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Biden taps Kahl as national security aide

Vice President Joe Biden has picked Colin Kahl, former Pentagon Middle East adviser, to serve as top national security aide.
Ralph Alswang Photographer

Vice President Joe Biden has picked Colin Kahl to serve as his top national security adviser, the White House has announced.

Kahl, the former deputy assistant secretary of defense for the Middle East in Barack Obama’s first term, currently serves as a professor at Georgetown University and a senior fellow at the Center for New American Security (CNAS). He declined to comment.

He will succeed Jake Sullivan, who departed the White House last month to teach at Yale Law School but who has been retained as a senior adviser on the Iran nuclear talks currently underway in New York.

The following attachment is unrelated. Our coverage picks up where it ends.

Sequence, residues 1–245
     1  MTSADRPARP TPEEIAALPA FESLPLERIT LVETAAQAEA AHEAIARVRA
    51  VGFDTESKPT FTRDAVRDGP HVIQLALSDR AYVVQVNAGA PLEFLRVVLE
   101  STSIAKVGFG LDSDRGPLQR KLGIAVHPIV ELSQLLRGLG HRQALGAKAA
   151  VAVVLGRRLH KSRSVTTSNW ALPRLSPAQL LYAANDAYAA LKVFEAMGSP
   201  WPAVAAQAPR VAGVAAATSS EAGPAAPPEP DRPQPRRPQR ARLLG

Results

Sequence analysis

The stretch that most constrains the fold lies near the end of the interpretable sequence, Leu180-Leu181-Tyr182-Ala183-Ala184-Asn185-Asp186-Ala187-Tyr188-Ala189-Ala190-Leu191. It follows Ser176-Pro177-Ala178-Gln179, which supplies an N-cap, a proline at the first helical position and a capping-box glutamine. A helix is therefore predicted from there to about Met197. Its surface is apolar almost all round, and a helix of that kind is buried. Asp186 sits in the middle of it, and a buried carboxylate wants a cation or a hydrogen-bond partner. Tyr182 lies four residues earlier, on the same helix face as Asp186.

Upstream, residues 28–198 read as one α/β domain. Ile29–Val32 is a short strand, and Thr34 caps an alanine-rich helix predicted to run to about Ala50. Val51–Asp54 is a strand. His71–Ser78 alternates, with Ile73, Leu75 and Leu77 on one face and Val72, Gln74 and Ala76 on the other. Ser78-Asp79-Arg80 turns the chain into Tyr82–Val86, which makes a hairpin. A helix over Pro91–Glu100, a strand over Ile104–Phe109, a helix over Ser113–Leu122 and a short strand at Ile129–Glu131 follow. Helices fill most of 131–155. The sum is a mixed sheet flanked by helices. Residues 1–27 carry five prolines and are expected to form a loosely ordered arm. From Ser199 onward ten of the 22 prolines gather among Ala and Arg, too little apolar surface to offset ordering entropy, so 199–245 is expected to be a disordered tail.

Kahl served as the top civilian Pentagon Middle East adviser from 2009 through 2011, working closely with then-Defense Secretaries Robert Gates and Leon Panetta to deepen security ties to US Middle East allies in Israel and the Gulf States, as well as coordinating US policy toward Iraq and Iran.

“As both a scholar and experienced public servant, Colin has a unique perspective on a number of national security issues that our country faces today, particularly in the Middle East," Biden said in a press release announcing the appointment. "Colin brings a valuable understanding of American leadership at home and abroad. I welcome Colin to the team, and look forward to working closely with him.”

The announcement comes as Biden was at the United Nations in New York Friday (Sept. 26) joining UN Secretary-General Ban Ki-moon hosting a summit on strengthening international peacekeeping operations.

Biden has served as the Obama White House's lead point person on Iraq through the US drawdown in 2011, and more recently as the United States has worked to encourage the formation of a more inclusive Iraqi government to help reduce Sunni alienation and combat Sunni militants with the Islamic State group.